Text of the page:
If we fail to understand our own history and the history of the faith communities to which we may belong, we're going to set ourselves up for a repetitive cycle of errors and pains.
And by knowing our history, I mean honestly facing what our ancestors did or didn't do -- not so we can feel inappropriate guilt for their misjudgments but so that we can acknowledge what went wrong and make better choices.
Many faith communities devote some resources to that task. In my own denomination, for instance, there's the Presbyterian Historical Society. And in the Christian Church (Disciples of Christ), there's the Disciples of Christ Historical Society, of which my friend Glenn Thomas Carson is president.
The other day, when I received my new copy of DH: Disciples History Magazine, I flipped through and was intrigued by one of the workshops available: "The Stormy Question: Christian Churches and the Slavery Issue." So I went online to the link I've just given you in the previous sentence to see what's there.
It's a brief but intriguing look at how the Disciples of Christ split over and fought over slavery, and what all of that has meant for the denomination.
As the site tells visitors, "The church and the nation were 'houses divided' in the decades before the war. Most Disciples of Christ reflected the opinions and biases of the sections of the country in which they lived."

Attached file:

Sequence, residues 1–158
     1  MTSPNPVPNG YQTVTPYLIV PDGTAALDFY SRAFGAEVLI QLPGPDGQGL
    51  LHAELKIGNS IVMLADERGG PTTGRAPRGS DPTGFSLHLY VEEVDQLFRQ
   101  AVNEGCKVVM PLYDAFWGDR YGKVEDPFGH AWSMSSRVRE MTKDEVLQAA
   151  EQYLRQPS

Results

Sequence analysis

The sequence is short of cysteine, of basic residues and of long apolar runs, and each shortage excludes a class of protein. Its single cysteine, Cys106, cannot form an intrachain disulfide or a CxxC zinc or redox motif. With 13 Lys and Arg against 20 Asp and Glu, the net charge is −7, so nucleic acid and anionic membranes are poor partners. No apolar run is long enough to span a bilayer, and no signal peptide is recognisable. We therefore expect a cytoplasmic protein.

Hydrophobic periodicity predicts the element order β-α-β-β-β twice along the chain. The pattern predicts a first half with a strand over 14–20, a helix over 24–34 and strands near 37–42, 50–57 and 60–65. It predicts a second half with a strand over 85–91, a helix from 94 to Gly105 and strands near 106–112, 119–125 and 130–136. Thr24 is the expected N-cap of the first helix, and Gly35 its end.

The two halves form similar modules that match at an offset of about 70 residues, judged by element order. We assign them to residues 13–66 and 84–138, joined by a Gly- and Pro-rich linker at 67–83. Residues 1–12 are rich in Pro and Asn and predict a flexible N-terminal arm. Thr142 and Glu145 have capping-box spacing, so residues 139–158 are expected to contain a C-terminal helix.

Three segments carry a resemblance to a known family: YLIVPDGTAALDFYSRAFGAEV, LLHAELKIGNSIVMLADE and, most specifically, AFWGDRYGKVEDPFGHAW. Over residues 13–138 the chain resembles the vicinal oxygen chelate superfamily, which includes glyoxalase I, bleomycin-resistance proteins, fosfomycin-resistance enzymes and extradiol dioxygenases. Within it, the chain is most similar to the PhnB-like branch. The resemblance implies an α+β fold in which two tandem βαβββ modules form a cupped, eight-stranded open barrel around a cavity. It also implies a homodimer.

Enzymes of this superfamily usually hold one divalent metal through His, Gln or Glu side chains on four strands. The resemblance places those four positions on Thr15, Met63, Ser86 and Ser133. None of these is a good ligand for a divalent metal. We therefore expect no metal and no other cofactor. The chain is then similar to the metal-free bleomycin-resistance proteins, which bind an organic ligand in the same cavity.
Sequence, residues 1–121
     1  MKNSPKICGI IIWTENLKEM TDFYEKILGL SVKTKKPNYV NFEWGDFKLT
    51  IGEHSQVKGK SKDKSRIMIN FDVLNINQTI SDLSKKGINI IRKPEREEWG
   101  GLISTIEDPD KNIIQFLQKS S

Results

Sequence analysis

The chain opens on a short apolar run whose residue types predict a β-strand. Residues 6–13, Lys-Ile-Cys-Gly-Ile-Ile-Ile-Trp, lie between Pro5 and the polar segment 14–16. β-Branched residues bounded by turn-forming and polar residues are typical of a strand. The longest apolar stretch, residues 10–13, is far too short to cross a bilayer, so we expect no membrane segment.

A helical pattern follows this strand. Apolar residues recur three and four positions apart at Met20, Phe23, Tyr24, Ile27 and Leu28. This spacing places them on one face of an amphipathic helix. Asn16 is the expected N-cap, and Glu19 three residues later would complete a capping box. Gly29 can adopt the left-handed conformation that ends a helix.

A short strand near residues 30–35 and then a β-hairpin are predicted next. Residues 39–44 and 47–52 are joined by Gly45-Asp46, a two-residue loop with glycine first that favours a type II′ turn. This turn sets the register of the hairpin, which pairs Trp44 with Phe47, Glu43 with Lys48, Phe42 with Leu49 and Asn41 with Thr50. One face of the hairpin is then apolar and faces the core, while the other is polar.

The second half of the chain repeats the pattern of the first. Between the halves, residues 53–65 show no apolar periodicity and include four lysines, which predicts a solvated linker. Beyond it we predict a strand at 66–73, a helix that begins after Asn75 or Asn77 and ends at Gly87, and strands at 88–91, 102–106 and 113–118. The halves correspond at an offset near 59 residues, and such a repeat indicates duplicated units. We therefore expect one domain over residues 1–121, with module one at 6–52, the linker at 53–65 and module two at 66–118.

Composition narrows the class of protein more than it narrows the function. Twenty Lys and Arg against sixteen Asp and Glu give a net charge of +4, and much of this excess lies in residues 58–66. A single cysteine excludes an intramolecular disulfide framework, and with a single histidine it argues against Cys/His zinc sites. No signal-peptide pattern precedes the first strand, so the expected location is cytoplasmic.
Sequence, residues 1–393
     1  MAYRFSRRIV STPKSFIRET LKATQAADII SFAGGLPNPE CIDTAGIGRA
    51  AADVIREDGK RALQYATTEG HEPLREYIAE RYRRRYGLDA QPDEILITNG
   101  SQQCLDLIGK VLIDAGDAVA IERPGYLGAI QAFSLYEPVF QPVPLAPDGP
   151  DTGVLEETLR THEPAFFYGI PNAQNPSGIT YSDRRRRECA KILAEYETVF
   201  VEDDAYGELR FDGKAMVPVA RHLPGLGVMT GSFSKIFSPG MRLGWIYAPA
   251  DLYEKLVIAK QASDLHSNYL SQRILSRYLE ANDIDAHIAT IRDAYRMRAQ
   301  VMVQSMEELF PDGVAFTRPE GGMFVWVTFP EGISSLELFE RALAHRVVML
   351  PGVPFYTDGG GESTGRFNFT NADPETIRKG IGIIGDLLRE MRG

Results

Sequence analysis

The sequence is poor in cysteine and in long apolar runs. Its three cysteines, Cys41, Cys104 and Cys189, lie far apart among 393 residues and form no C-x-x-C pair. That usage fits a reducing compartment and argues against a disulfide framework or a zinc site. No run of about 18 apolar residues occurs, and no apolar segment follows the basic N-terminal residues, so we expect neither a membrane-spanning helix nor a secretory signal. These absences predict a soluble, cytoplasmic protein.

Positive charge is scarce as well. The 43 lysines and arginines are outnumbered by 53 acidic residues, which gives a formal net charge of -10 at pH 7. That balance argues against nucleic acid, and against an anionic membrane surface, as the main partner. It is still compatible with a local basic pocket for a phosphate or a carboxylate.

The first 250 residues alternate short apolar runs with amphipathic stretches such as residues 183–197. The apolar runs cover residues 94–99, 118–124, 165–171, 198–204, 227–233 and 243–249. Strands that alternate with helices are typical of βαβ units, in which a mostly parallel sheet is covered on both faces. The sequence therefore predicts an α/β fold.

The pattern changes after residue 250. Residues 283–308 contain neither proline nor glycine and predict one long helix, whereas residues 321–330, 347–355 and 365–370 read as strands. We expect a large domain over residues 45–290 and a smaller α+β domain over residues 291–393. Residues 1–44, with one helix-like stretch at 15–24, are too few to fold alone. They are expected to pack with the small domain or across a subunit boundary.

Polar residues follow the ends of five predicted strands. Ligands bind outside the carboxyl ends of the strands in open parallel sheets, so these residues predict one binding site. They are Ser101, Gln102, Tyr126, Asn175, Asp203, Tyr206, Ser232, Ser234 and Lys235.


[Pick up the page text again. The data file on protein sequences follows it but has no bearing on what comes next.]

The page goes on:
And there's perhaps the first lesson: To remember that from our particular vantage point we may not be seeing the full picture.
It's a lesson I write about in the chapter called "Race" in my new book, Woodstock: A Story of Middle Americans. Here's part of what I say:
"The reality was that most of us Middle Americans grew up benefiting hugely from what sociologists now call 'white privilege,' but we were so deeply entangled in it that only when those outside our system began to point it out and question it did we even recognize the sea in which we swam. Eventually, however, many Middle Americans did come to understand that they were part of a system that routinely gave advantages to one on the basis of race just as it denied rights, privileges and advantages to another on that same basis. Even today not all Middle Americans recognize that reality but many more do so than when I was a child."
It's this kind of enlightenment -- however slow -- that good church historical societies and good congregational historians can foster.
So cheers for the Disciples of Christ Historical Society for doing just that. (I borrowed the artwork here today from the Disciples' site.)
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CAN WE CREMATE JUST THIS?
So when someone you love dies, will you drive the funeral director nuts with odd requests? Perhaps, but I hope not as odd as the ones described in this blog, "Confessions of a Funeral Director." Oh, my.